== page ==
With February comes Valentine’s day, one of my favorite holidays of the year. Not for the schmaltzy cards or the flowers, but for the excuse to eat copious amounts of chocolate. Dark chocolate in particular. The best thing about dark chocolate is that it’s very rich in antioxidants. You’ve probably heard a lot about antioxidants, and many of you know what they do – but I wanted to take a closer look at why they are so essential to good health.
What is an antioxidant?
It may sound more like politics than nutrition, but antioxidants are like the superheroes of the food world, rounding up and shutting down the bad guys . The bad guys are called free radicals.
So what exactly are ” free radicals” and why are they the bad guys? Simply put, ”free radicals” are partial, destructive molecules. Molecules are supposed to be made up of pairs of electrons, but when a molecule has been damaged as a result of pollution, poor nutrition, pesticides, infection, stress or just plain aging, it loses one of its electrons. These incomplete molecules wreak havoc on your system. They race through your body trying to steal an electron from complete molecules in order to complete themselves. The free radicals do an enormous amount of damage on their rampage. This is called oxidation.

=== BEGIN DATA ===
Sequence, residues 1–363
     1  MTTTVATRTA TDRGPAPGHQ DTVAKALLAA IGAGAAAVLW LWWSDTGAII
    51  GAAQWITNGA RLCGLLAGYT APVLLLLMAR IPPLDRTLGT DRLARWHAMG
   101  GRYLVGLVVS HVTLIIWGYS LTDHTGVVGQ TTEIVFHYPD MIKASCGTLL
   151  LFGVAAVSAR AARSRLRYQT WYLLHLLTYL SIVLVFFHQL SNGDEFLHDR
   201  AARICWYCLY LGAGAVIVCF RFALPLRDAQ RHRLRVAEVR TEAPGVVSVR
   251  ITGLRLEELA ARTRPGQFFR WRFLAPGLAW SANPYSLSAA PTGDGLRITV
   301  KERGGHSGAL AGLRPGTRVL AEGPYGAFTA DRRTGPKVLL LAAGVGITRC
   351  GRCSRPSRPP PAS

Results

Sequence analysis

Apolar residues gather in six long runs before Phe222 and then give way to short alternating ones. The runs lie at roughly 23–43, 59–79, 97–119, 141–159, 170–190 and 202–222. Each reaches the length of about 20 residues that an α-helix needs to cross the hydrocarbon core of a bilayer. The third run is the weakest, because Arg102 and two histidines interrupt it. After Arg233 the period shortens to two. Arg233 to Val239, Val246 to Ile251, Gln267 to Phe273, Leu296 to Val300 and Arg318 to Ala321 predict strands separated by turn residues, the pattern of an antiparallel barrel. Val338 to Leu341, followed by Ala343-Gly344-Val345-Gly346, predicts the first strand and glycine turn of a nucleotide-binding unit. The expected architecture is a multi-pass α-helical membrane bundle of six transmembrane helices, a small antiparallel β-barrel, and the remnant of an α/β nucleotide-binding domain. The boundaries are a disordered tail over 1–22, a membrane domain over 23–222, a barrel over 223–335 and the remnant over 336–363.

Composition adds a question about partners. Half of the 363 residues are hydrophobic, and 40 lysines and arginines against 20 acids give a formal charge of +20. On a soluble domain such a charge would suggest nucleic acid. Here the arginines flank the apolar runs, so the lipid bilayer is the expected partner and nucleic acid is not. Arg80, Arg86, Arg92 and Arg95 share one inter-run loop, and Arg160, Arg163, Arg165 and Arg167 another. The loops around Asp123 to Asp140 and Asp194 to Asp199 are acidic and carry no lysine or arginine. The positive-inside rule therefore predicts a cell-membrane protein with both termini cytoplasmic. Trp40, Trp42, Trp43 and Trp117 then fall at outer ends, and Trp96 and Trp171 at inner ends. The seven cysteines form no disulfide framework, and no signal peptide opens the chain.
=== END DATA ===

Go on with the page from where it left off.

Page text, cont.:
Antioxidants are complete molecules that fly through your system with their little red superhero capes on, donating electrons to the incomplete molecules and stopping the free radicals in their path of destruction. No matter how many electrons these antioxidants give away, they remain stable, complete molecules. Is that a cool superhero power or what?
Think of an apple slice. It turns brown when it is exposed to the air. That is naturally occuring oxidation. If you squeeze some lemon juice on the apple slices the browning process slows down. That is because lemons contain a lot of Vitamin C which is a powerful antioxidant. The antioxidants significantly slow down the oxidative process.
Click here to see some of my favorite antioxidant-rich foods.
Antioxidants are present in varying degrees in all fresh fruits and vegetables as well as meats, dark chocolate, whole grains, nuts and even red wine.
The more variety you eat, the greater your antioxidant levels will be. Eating a wide variety of foods including different colors of fruits and vegetables will give you the best array of antioxidants.
Avoid dairy when eating antioxidant-rich foods; it can interfere with antioxidant effectiveness
Dairy is like kryptonite to antioxidants; it binds with them and reduces their potency. To ensure you get the full benefit of antioxidants , it is best to eat antioxidant rich foods away from any dairy.
Have lemon or almond milk in your tea instead of milk, combine your fruit with a coconut kefir instead of dairy yogurt and, use a non-dairy milk in your smoothies to make sure these powerful little molecules have a clear and healing path.